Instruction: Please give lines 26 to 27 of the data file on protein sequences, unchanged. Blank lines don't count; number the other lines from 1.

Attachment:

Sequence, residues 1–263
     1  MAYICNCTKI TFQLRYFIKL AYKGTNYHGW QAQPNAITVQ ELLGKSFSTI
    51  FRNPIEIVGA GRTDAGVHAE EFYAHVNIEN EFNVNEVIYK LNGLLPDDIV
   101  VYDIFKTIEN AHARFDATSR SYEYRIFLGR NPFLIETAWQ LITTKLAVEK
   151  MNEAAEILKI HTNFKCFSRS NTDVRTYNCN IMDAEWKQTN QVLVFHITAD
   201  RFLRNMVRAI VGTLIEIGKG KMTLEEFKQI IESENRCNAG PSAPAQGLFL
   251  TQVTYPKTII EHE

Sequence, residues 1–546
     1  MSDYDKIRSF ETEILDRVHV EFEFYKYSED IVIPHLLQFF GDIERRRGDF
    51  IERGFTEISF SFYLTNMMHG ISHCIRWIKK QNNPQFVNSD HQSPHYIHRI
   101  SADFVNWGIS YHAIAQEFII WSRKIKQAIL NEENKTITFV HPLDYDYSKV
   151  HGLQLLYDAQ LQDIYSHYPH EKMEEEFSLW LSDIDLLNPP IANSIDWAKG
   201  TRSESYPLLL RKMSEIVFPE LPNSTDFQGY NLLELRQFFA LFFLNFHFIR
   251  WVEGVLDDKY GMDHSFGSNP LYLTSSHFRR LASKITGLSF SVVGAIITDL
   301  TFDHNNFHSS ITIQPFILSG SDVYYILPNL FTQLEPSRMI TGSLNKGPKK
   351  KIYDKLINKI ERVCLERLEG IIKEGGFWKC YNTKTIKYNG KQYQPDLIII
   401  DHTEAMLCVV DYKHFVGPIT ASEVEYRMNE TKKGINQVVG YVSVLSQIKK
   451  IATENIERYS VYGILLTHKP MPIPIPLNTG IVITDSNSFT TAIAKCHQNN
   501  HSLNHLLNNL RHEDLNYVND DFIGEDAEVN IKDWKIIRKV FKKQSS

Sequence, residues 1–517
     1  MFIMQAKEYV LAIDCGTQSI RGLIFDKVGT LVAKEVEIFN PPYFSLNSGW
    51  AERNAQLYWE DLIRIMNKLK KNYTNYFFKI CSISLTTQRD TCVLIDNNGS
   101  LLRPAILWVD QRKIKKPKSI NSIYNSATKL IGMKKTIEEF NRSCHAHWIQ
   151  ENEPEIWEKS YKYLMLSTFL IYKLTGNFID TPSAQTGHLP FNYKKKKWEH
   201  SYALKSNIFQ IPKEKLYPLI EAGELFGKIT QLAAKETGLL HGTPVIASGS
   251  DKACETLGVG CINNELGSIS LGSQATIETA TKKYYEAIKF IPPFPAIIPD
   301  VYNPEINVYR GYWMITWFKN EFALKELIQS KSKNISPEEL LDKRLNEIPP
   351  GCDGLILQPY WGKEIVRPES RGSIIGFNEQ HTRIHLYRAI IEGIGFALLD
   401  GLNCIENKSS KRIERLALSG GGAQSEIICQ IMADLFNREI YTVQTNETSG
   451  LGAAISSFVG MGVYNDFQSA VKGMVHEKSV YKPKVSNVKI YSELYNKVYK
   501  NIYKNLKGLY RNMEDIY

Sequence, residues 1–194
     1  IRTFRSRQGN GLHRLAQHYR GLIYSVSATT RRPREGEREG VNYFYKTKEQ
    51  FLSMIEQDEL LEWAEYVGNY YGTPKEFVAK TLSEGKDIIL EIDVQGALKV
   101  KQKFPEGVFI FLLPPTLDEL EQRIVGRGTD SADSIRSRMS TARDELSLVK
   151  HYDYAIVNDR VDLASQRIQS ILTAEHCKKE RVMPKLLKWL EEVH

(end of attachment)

   251  DKACETLGVG CINNELGSIS LGSQATIETA TKKYYEAIKF IPPFPAIIPD
   301  VYNPEINVYR GYWMITWFKN EFALKELIQS KSKNISPEEL LDKRLNEIPP